In many distributed software applications interaction between the client and the server is initiated by some event in the client application which requires some subsequent processing in the server application. But in some situations it is necessary for the server application to be able to, at will, initiate some processing in the client application. Unfortunately xfServerPlus and xfNetLink don’t really address this use case, but it can be addressed with WCF, because WCF service endpoints can be “self-hosted” within any type of .NET application. This means that as well as a client application having the ability to interact with a WCF service on some server somewhere, the client can also expose a WCF service, which the server application (or in fact any other application) could interact with.

WCF is an extensive subject area, and in this BLOG I’m not even going to attempt to teach you about the specifics of using WCF. Instead I’m simply going to try to make you aware of some of the reasons that you might want to explore the subject further, and make sure that you know about the various ways that you can get started.

There are several ways that Synergy developers can utilize WCF in their applications, and I’ll briefly describe each of these mechanisms below.

WCF via xfNetLink .NET

In xfNetLink .NET 9.5.1 a new feature was introduced which gives developers a lot of additional flexibility in the way that they build their applications, or rather the way that they communicate between the various parts of the application. This new feature is enabled through a new command line parameter to the gencs utility (-w). When you use this new option, two things change.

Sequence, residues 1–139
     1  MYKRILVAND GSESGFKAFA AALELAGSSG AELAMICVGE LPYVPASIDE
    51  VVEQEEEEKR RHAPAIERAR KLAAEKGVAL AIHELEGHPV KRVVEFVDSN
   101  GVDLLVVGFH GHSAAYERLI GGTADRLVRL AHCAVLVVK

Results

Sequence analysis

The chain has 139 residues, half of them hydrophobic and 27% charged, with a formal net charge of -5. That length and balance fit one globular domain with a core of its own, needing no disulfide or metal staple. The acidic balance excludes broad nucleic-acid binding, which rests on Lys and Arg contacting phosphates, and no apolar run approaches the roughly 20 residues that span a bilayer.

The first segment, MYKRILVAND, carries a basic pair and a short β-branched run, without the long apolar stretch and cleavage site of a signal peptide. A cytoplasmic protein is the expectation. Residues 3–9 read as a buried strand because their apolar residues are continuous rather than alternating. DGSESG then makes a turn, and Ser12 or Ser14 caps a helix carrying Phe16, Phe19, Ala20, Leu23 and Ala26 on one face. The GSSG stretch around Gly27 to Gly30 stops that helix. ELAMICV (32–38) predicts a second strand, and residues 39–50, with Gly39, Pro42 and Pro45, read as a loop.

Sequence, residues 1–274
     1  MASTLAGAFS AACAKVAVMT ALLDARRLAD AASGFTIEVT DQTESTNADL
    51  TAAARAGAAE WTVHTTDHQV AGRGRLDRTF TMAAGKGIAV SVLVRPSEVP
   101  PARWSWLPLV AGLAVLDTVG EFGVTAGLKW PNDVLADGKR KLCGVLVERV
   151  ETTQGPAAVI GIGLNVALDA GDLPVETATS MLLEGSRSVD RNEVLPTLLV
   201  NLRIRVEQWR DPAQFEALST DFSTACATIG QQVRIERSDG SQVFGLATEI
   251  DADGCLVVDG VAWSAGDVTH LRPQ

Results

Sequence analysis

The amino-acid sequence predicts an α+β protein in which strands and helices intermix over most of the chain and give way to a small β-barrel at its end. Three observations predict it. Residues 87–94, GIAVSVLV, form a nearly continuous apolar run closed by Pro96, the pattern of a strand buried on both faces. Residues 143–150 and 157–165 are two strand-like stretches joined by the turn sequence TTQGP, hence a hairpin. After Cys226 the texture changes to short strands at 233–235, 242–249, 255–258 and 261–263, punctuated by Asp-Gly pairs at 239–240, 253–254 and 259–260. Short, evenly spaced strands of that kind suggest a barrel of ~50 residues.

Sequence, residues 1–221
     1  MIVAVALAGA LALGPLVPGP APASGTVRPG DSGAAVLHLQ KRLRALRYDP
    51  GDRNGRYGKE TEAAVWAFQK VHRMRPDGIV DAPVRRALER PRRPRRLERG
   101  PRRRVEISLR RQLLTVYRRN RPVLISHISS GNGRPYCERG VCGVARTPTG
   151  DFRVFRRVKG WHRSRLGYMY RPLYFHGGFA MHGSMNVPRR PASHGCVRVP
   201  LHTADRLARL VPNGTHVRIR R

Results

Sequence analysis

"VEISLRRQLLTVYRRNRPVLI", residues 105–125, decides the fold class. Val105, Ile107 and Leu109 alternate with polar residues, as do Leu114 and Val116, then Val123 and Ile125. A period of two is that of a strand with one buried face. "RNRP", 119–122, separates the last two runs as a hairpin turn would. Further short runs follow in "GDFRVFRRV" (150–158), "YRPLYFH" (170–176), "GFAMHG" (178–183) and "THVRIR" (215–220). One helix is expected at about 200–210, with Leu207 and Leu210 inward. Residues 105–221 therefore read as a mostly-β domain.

When you use gencs –w, the first thing that changes is that various attributes are added to the wrapper classes that are created by gencs. These attributes in turn allow those generated classes (and the assembly that they are compiled into) to be directly exposed as a WCF service. Previously, if a Synergy developer wanted to expose a WCF service which in turn exposed their Synergy business logic and data, they have to manually “wrap” their xfNetLink .NET procedural and data classes in other classes which in turn exposed a web or WCF service.

The second change when using gencs -w is that any collections which are exposed by the application API are transformed from un-typed “ArrayList” collections, to more useful and flexible “Generic List” collections. This change will require a small amount of re-coding in any existing client applications, but results in a significantly enhanced development experience.

This mechanism is likely to be of interest to developers who already have an existing solution using xfNetLink .NET and xfServerPlus, and want to take advantage of some of the additional capabilities of WCF, or to developers who wish to expose a new WCF service where the server application exposes code running on a UNIX, Linux or OpenVMS server.

WCF via Synergy .NET Interop

Another way that Synergy developers can expose WCF services is via Synergy .NET’s “Interop” project. The primary purpose of an Interop project is to allow developers with existing xfServerPlus applications to migrate their existing Synergy methods to a native .NET environment. By adding their method source code to an interop project they are able to execute those methods directly in the .NET environment, instead of using xfNetLink .NET and xfServerPlus to execute the methods with traditional Synergy on a remote server.